Ethnic minority people from China's southern province of Guangdong marched to government offices at the weekend to protest land subsidence—sinking of the land surface—from nearby mining operations which they say is affecting their homes and farmland.
The members of the Yao ethnic minority marched to government buildings in Guangdong's Liannan county on Sunday, carrying banners in protest against nearby copper mines, which they say have been allowed to grow with little regulation or concern for safety.
The villagers, from Damaishan township, carried photos showing large splits in the walls of their homes, which they blame on subsidence linked to the copper mining operation.
"There were a lot of people from Damaishan township holding placards on their way to the county government," said a protester surnamed Jiang in an interview on Monday. "The entire township was there; more than a hundred people," he said.
"We are demanding that they stop the [mine] bosses from their unregulated mine expansion," he said.
He said the demonstration had passed off peacefully, amid a heavy security presence.
"There were quite a lot of police there ... maybe [a few hundred]," Jiang said.
He said the march had drawn hundreds of spectators, some of whom had had joined in.
"The ones by the side of the road were protesting too, and some of them joined in and followed us," he added.
A second protester, surnamed Tan, estimated the number of demonstrators at "more than 200, almost 300."
"The government has met with the protesters' representatives and they have promised to consult with the [mine bosses] and sort out the problem," he said.
He said some of the protesters had been received for talks with county officials.
"A few dozen of us went in there to try to reason with them," Tan said.
An employee who answered the phone at the Liannan county government offices declined to comment on the protest.
"I wasn't at work yesterday [when] this thing [happened,]" the employee said. "I don't really know."
The villagers were protesting against exploitation by the Damaishan Copper Mining Co., which was set up in 2003, and began mining in the area.
They say they their township was hit by serious subsidence last month, which triggered breaks in paved roads and splits in the sides of many buildings in the area.
Many of the affected areas have been cordoned off by police, and 78 residents were evacuated.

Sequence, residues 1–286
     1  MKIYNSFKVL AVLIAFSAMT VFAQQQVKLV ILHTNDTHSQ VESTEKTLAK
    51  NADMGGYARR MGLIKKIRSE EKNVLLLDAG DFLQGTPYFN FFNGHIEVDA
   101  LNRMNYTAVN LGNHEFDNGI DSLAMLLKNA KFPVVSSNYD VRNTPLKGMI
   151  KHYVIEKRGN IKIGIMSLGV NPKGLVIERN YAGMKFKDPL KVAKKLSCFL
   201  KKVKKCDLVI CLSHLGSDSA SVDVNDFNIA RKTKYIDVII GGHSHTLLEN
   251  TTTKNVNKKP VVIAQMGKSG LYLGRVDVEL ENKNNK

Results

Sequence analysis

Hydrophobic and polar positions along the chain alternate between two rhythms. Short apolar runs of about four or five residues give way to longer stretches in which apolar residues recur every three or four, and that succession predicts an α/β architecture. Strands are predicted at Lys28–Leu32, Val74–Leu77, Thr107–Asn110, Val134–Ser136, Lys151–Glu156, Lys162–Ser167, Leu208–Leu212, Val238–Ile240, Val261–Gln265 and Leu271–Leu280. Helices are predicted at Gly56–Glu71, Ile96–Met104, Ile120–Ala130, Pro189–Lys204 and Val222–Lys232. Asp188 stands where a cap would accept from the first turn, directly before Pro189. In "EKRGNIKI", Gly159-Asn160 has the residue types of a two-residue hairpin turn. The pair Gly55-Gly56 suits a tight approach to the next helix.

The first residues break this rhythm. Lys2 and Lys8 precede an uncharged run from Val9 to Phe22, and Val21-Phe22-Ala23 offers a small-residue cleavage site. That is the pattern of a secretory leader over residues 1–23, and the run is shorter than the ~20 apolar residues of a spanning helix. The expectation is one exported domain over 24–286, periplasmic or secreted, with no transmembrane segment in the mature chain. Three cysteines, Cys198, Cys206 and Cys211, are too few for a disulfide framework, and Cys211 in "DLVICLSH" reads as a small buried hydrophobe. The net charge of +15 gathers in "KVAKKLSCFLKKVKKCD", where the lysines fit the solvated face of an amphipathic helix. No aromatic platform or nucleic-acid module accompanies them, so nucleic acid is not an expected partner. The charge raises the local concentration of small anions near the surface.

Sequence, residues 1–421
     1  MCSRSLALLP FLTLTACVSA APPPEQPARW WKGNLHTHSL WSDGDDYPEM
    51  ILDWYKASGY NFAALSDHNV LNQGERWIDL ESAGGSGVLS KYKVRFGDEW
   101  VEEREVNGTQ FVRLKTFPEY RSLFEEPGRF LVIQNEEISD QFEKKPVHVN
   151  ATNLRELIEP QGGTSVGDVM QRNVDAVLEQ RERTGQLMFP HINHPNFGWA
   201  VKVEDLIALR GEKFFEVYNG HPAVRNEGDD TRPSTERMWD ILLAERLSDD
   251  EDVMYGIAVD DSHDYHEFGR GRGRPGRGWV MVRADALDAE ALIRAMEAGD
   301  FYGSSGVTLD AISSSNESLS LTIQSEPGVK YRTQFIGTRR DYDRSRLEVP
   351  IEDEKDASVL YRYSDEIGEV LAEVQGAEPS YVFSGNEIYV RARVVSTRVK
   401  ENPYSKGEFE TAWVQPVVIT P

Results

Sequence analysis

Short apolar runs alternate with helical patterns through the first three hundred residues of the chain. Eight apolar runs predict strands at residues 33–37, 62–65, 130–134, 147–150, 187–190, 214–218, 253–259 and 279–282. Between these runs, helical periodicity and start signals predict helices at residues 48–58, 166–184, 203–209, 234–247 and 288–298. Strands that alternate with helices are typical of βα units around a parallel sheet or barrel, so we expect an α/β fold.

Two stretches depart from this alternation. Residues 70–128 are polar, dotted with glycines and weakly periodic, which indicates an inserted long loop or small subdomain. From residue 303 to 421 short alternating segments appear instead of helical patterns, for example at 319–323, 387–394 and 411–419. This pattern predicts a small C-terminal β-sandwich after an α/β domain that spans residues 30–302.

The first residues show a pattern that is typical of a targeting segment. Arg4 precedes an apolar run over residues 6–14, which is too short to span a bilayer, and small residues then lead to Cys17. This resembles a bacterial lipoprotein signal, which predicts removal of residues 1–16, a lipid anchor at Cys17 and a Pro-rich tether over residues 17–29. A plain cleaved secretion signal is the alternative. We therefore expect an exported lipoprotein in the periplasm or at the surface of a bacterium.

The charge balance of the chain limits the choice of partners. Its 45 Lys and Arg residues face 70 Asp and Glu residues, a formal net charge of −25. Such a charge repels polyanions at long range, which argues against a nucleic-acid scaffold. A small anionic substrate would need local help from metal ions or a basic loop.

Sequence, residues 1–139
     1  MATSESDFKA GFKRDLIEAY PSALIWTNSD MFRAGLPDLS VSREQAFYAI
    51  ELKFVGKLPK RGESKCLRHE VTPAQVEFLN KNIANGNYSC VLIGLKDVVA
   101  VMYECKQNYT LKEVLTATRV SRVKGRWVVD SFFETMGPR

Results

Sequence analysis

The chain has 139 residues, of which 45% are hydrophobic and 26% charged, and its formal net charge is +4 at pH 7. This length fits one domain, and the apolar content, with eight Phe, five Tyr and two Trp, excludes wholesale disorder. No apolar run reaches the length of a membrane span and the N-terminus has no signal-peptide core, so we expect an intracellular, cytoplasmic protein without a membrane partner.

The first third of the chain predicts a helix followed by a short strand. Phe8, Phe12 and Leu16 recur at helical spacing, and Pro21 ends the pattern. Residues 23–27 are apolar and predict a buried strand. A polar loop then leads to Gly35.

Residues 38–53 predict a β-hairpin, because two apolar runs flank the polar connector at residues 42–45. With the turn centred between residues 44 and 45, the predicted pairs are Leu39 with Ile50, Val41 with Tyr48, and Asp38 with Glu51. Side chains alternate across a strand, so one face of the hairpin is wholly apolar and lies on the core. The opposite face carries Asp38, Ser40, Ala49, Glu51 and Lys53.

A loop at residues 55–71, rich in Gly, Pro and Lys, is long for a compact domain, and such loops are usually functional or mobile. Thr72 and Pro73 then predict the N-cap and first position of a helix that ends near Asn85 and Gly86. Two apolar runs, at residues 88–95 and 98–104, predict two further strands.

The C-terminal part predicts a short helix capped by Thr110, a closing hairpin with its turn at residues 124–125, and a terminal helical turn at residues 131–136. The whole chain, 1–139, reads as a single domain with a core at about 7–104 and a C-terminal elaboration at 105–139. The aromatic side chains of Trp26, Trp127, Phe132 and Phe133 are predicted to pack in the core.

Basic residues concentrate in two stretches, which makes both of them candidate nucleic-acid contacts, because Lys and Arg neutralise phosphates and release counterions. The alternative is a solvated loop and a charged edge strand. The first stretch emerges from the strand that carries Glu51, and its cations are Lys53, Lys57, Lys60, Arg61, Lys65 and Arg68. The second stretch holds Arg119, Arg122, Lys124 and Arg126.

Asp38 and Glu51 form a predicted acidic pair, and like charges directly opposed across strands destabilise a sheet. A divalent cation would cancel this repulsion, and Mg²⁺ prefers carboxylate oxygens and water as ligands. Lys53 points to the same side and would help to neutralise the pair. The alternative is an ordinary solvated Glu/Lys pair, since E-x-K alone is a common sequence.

According to a provincial assessment of the area in 2007, around 560 people are living in an area at high risk of subsidence.
An employee surnamed Luo who answered the phone at the copper mine offices said operations have now been suspended at the mine.
"We have halted production already," he said. "We stopped more than a month ago."
Asked if the mine had suspended operations because of the subsidence, Luo said: "Yes, that's right."
Asked why the villagers were still protesting, Luo said. "We have stopped operating. Perhaps the compensation didn't land yet."
Tan said some of the cracks in the buildings were as wide as 10 centimeters (about four inches).
"The houses were split apart," he said. "Around 20-30 households [were affected.]"
He said the villagers were anxious to get some form of compensation and provision of new housing.
"We are kicking up a fuss at the government," Tan said. "We hope that they'll get back to us with an answer."
Residents in a mining district of northern China's Hebei province clashed with police in November, with residents of Jianming township accusing local mining bosses of carrying out breakneck expansion of coal mines with scant regard for safety.
Villagers said police had surrounded dozens of villagers who gathered outside the gates of municipal government offices last week to complain about the subsidence, beating some of them.
According to investigative journalist Gao Qinrong, intensive exploitation of coal seams in the past few decades to meet skyrocketing energy demands has undermined the geological structure of the earth itself in many mining counties in northern China.
On Aug. 15, the whole of Pangpangta village in northern Shanxi province was swallowed up by subsidence.
Photos of Pangpangta village posted on Chinese news websites and bulletin boards showed houses fallen into chasms in the earth, huge cracks along a village street, and collapsed and damaged buildings similar to a scene after an earthquake.
Rather than focusing on Pangpangta as an isolated incident, however, Gao has investigated the problem of mine collapse and land subsidence across the whole region.
He has recently received anonymous threats warning him to "take care" of his personal safety.
Reported by Qiao Long for RFA's Mandarin service. Translated and written in English by Luisetta Mudie.